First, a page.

From above comes a tinkling sound, like some bizarre wind chime suspended in the crags behind me. It is, in fact, the sound of high tensile alloy, climbing aids swinging below a pair of rock climbers attempting to scale a sheer slab of vertical limestone. Apart from that and the distant sound of the occasional bit of traffic traveling up and down the valley on a road built by the Romans (What did the Romans ever do for us?) all is nice and quiet. It is pleasantly warm but the air has an autumn coolness to it as soon as patchy cloud drifting in from the east blocks the sun.
I’m five minutes from home in Chapel-le-Dale, an ancient remnant of ice ages past. Escarpments of limestone line either side above which flatten out on to expanses of limestone pavement and rough moorland. Standing higher above again are two of the Yorkshire Dales famous Three Peaks, Whernside, and my favourite, Ingleborough.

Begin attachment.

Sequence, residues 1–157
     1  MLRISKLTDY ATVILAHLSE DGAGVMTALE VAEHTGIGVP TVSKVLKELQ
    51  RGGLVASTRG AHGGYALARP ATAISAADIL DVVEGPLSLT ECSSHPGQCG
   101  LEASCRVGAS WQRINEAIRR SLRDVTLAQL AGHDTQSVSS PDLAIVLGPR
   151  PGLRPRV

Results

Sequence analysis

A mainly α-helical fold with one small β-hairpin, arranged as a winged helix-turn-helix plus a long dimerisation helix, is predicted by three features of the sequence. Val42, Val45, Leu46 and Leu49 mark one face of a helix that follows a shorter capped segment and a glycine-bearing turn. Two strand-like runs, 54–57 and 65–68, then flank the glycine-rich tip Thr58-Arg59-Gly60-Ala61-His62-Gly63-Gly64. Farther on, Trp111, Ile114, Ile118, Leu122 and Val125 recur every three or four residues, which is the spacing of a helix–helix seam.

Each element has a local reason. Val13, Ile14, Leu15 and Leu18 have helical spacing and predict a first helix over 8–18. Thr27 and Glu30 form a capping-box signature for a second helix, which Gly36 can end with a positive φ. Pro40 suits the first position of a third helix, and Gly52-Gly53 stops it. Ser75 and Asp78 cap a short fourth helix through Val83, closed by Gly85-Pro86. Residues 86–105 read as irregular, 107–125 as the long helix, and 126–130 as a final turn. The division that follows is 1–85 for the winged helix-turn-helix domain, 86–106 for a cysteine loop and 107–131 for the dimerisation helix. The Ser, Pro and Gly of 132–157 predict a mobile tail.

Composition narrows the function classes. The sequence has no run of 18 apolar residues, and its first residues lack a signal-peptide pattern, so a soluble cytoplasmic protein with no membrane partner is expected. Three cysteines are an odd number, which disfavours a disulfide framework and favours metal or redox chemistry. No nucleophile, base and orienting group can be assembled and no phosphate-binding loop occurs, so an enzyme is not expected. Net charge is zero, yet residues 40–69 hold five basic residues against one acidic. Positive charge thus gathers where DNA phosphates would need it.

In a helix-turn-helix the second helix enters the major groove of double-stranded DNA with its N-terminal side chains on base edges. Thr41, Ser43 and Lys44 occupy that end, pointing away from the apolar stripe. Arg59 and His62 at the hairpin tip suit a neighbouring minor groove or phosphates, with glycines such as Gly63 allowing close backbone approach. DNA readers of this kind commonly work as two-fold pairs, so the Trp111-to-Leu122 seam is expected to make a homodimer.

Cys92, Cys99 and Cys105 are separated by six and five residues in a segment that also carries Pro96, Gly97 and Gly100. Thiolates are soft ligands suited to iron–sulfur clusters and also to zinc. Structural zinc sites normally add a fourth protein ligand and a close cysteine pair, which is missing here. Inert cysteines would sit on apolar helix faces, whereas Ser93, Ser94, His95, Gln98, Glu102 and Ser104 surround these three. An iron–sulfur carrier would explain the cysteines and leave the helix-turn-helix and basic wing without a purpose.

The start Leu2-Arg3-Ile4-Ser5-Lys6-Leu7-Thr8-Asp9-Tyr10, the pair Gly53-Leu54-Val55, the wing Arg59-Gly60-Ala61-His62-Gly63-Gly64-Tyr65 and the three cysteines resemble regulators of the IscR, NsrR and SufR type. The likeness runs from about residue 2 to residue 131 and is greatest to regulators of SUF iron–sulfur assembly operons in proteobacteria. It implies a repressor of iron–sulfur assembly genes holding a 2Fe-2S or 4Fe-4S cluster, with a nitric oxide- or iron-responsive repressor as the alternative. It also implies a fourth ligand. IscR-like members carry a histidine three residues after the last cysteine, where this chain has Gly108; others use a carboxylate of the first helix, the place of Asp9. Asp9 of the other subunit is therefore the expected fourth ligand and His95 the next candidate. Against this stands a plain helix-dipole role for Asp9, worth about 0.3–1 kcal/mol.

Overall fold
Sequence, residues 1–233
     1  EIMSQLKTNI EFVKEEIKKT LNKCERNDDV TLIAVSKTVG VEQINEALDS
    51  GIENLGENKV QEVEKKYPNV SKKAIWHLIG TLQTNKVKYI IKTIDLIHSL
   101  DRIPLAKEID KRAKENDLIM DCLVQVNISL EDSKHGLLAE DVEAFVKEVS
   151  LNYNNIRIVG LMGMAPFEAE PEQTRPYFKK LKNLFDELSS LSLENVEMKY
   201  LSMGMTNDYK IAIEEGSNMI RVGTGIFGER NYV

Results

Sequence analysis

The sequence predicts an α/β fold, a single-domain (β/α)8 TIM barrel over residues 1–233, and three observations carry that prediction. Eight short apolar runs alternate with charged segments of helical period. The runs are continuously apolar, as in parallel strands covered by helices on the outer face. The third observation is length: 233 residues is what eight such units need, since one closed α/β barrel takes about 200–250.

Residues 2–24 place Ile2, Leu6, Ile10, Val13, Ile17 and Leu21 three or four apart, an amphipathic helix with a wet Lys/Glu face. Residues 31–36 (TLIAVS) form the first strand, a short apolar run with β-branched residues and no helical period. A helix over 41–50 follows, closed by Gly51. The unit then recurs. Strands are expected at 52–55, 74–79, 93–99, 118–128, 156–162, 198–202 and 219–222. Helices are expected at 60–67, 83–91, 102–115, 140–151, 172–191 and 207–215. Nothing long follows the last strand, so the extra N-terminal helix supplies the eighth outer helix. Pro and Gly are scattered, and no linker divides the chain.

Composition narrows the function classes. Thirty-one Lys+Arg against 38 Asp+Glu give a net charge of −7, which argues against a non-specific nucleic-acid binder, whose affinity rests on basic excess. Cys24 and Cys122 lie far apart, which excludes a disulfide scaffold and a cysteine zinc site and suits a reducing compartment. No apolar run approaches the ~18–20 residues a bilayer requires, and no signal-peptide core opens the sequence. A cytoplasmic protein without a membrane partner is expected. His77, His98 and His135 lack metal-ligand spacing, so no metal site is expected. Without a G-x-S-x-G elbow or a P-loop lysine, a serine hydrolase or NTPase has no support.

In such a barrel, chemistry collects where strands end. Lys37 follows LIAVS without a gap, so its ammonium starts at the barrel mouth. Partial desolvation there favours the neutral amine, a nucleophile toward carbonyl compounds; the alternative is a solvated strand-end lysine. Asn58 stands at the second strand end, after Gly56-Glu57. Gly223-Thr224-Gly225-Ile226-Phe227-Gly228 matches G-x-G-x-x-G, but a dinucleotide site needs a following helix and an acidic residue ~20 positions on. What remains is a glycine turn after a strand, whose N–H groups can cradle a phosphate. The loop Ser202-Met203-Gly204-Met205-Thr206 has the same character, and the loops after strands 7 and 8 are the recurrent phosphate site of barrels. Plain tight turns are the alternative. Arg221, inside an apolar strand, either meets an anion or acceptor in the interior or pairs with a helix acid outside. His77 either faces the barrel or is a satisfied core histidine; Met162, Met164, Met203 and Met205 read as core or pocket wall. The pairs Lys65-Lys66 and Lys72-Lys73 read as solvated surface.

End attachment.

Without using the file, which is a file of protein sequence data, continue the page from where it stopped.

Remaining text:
Despite many visits in the past, this is the first time I’ve wandered over this particular patch. The light is not so good, and the visibility is somewhat restricted by a distinct blueish haze. The sun is never in a good position during the morning but having come across this wonderful hawthorn tree squeezing itself out into the world from between two blocks of limestone I have to stop and take a photograph. Red berries contrast nicely against the green leaves and fields.
Fortunately, the clouds thicken slightly and obscure the sun for a while softening the shadows.
Above is the result.
Hawthorn tree with red berries and Ingleborough.